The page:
8 foods whose names Germans can′t agree on | Meet the Germans | DW | 08.08.2018
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Meet the Germans

8 foods whose names Germans can't agree on

A bread roll is not a bread roll everywhere in the German-speaking world. From Bavaria to Berlin, the German word you use for these foods will reveal where you come from.

Even if dialects and accents don't betray them, there are telltale words that give away whether a German-speaker comes from Germany, Austria or Switzerland — and even roughly which part of Germany.

Words for toys, food and everyday items can differ depending on regions. They are nevertheless regarded as standard German and not regional dialect, as Ulrich Ammon, professor emeritus of linguistics and a specialist in Sociolinguistics at the University of Duisburg-Essen, told DW in an interview: "Standard language can be used in the public realm without objection."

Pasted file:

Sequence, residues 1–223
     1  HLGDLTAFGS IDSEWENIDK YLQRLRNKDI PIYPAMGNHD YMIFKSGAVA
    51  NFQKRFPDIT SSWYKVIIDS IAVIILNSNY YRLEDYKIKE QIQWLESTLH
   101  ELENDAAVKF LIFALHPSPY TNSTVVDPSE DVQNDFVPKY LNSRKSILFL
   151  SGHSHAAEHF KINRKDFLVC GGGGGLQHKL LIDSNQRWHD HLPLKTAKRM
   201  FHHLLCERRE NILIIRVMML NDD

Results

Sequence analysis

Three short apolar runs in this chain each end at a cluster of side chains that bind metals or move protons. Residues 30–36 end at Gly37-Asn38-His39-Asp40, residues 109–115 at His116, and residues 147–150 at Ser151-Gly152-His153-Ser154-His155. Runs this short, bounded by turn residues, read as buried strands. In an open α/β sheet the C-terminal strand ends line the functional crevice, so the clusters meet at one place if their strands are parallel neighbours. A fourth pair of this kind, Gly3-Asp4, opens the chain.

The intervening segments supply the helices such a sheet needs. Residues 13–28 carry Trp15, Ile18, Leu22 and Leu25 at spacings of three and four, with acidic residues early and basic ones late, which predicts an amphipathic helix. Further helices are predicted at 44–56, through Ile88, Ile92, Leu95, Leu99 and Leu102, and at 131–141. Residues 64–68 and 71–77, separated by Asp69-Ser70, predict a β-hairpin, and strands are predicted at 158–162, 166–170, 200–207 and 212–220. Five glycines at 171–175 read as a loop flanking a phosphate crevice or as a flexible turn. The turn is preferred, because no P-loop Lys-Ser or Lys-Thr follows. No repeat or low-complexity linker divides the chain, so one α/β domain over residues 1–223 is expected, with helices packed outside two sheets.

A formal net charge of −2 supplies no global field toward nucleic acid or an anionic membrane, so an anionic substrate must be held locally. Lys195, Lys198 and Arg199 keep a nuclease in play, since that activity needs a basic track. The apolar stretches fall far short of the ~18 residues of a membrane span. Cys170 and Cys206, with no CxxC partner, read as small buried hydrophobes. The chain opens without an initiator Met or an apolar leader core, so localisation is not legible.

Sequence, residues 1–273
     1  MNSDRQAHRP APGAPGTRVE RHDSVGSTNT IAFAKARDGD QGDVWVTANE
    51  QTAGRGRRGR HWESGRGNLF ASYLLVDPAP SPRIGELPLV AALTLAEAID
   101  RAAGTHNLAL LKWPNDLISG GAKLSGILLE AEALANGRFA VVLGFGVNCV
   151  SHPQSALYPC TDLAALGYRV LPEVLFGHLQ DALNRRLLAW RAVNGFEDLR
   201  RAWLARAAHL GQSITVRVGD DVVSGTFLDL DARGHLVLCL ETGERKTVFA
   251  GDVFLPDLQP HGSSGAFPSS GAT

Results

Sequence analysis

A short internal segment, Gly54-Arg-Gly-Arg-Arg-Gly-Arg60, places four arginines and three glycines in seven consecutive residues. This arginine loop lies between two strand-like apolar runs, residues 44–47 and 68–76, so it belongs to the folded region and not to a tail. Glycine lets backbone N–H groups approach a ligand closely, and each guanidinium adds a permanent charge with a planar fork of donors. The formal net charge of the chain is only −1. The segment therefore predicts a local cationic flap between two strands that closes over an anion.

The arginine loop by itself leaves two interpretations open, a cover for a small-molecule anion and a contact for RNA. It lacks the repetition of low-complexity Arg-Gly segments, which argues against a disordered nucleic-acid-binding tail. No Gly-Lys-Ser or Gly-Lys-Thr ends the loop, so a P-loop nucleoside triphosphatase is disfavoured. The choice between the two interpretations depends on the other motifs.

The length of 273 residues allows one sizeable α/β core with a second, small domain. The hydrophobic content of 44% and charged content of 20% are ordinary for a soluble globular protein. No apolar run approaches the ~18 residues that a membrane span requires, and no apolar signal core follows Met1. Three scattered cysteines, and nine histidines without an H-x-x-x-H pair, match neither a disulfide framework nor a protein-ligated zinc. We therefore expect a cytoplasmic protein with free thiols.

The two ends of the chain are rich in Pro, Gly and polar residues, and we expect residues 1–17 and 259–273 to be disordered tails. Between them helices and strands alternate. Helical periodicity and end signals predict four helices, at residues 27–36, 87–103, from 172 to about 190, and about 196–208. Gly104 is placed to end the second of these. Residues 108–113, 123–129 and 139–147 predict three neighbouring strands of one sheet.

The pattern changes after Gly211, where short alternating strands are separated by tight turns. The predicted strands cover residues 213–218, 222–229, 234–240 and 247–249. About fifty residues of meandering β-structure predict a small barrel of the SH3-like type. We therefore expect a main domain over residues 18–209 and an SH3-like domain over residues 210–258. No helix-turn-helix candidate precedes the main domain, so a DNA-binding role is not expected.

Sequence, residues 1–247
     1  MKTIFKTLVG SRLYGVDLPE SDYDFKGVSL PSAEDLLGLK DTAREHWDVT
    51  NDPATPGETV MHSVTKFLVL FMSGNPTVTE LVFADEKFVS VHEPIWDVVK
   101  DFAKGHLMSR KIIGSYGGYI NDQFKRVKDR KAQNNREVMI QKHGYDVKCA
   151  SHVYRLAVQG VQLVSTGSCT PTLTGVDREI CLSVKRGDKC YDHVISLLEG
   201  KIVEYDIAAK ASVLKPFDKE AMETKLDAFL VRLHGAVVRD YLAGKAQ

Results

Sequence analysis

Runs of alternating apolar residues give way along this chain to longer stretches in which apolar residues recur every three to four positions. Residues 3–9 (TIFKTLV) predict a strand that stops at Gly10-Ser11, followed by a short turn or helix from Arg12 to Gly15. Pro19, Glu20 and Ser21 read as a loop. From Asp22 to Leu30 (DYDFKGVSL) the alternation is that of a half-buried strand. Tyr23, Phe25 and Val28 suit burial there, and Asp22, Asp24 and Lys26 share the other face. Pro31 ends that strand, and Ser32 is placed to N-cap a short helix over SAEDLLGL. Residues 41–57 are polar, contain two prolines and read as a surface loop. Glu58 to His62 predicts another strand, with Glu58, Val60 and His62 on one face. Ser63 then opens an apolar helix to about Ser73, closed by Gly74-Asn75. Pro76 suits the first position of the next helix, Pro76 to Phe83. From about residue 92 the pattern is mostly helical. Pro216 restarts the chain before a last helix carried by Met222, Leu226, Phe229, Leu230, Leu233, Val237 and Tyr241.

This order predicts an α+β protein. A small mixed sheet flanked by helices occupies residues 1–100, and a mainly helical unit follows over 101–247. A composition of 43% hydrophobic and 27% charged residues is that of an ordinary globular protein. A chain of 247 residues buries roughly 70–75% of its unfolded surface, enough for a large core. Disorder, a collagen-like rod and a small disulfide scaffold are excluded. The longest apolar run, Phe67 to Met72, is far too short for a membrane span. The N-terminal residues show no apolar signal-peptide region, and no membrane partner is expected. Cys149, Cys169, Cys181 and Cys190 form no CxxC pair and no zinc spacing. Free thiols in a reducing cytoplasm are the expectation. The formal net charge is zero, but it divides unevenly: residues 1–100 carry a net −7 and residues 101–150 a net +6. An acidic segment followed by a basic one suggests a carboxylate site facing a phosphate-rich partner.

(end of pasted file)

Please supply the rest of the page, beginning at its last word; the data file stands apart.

In a nutshell: There's more than one way to say "Brötchen" (bread rolls). The question is, will the clerk at the bakery understand you?

Speaking of bread — which Germany is famous for around the world — there are not only different words for rolls and loaves, but many names for the part of a loaf that some unthinkingly throw away, and others covet: the heel.

In northern and western Germany, that would be "Kanten," or "Knust," to name just the most common terms. Bavarians and Austrians might call the crusty dry end of a loaf of bread "Scherzl"; elsewhere in southern Germany it's a "Rand." Jokingly, the heel is also known as "Hintern" (behind).

For German foods with a variety of names, click through the gallery above. One of them is the potato, which is a staple all over the country. For more on Germans' obsession with spuds, click through the gallery below. 

You'll find more about German culture, language and lifestyle at dw.com/meetthegermans

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